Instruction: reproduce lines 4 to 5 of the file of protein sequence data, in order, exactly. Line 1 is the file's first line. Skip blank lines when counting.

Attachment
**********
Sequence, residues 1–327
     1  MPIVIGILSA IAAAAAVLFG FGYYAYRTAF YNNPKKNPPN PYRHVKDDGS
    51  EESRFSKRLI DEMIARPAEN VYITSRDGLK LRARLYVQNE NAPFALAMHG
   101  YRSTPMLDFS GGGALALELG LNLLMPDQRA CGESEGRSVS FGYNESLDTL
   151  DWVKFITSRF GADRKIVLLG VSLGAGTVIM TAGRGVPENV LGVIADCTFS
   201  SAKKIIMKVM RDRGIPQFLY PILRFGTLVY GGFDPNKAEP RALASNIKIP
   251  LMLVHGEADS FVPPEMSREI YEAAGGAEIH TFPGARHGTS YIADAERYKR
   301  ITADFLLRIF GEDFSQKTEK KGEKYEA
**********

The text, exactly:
   101  YRSTPMLDFS GGGALALELG LNLLMPDQRA CGESEGRSVS FGYNESLDTL
   151  DWVKFITSRF GADRKIVLLG VSLGAGTVIM TAGRGVPENV LGVIADCTFS